6th Century Saxon Ringhilt Sword

11.22.2019 / Tutorials

By Jamie Lundell

As I was considering what sword I was going to make for this project I wanted to attempt a style of hilt that I had never done before. I came across this ring hilted sword in the British Museums’ collection and it had all the qualities I was looking for. It was new, not overly complicated, yet still challenging and beautiful in its simplicity. The challenges that made this sword- different than what I have done in the past is that it has organic materials (wood) as spacers in the upper and lower guard, as well as the ring assembly on the pommel. I reached out to the British museum, where this piece is on display, and was given hoping to get some information about what materials where used in the creation of the handle. Unfortunately the information that was provided was heavily focused on the blade and existing parts of the piece and not traces of what was once there.

Original source picture

It is speculated by many that the addition of rings on the hilts of swords in the 6th century came about due to the significance of swearing oaths on both rings and swords. This would make a sword with a ring in the hilt most worthy for a lord to have his oathmen swear there allegiance on. Some swords show signs of having had their rings removed, and so it is possible that they were personal to a particular owner and where removed if the sword passed on to someone else. (Hawkes 1989)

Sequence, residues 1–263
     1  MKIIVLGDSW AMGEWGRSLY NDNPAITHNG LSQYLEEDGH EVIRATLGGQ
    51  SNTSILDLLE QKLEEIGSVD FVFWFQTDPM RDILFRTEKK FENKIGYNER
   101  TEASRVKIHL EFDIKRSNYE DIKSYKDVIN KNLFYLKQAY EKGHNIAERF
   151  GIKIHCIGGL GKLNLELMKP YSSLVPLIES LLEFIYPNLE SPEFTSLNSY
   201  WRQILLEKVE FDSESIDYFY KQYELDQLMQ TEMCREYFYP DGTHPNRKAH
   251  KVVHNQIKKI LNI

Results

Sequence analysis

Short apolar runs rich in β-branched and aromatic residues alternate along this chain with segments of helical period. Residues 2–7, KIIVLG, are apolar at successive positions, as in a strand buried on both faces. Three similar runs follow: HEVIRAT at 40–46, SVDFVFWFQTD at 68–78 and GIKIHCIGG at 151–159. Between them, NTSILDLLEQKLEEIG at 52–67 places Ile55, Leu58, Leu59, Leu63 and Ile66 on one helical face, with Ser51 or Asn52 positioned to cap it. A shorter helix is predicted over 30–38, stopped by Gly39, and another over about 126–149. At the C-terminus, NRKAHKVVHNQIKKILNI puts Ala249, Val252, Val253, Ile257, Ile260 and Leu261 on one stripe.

In the making of this blade I started by making an eleven layer billet. Five layers were made of 15N20 and six layers of 1084. Historically this is not necessarily done with just two type of ferrous alloys. A late British Iron Age sword from Walthon Abbey, for example, was forge welded from at least 24 separate layers with different carbon contents. (Lange 1984) For the making of swords, spears, and seaxs, all the bars that make up the core are generally twisted before being stacked together and forged into the final bar that the blade will be made from. Circa 400 AD, the twisting became more complicated and true pattern-welding could be said to have started (Hawkes 1989).

After forge welding these together, I drew it out into three long square bars, about 1/2″ thick. These bars were then twisted tightly, two to the right and one to the left. When these bars are place side by side, alternating between right twist and left twist, it creates a herringbone pattern. This can be made with two, three, or four bars. I used three bars for the core of this sword. After the third century there are all manner of different types of twists and different numbers of bars used in this process.

To make the edge bar I created a twelve layer billet, half of 1084 and half 15N20, and re-stacked it six times to make a seventy–two layer stack. When looking at historical pieces you can see that the edge bar goes from one edge around the tip of the sword and back to the other edge. There are two ways to achieve this. One is to wrap the edge bar completely around the core, and the other is to cut the edge bar into two pieces and stack it on either side of the core. In order to make the bar connect at the tip, a wedge is cut out of the tip and then that gap is forge welded closed. This will weld the edge bar together at the tip so that the pattern continues all the way around the core. This is the method that I utilized.

Once the forge welding was complete, I began forging in my edge bevels. Traditionally the fuller down the center of the blade is forged in, however I elected to grind it in with an 8″ wheel on a belt grinder. This allowed me to get deep into the pattern of the twist. Now that the profile and shape of the blade is complete, it is polished by hand to 800 grit and etched in ferric chloride to show the pattern.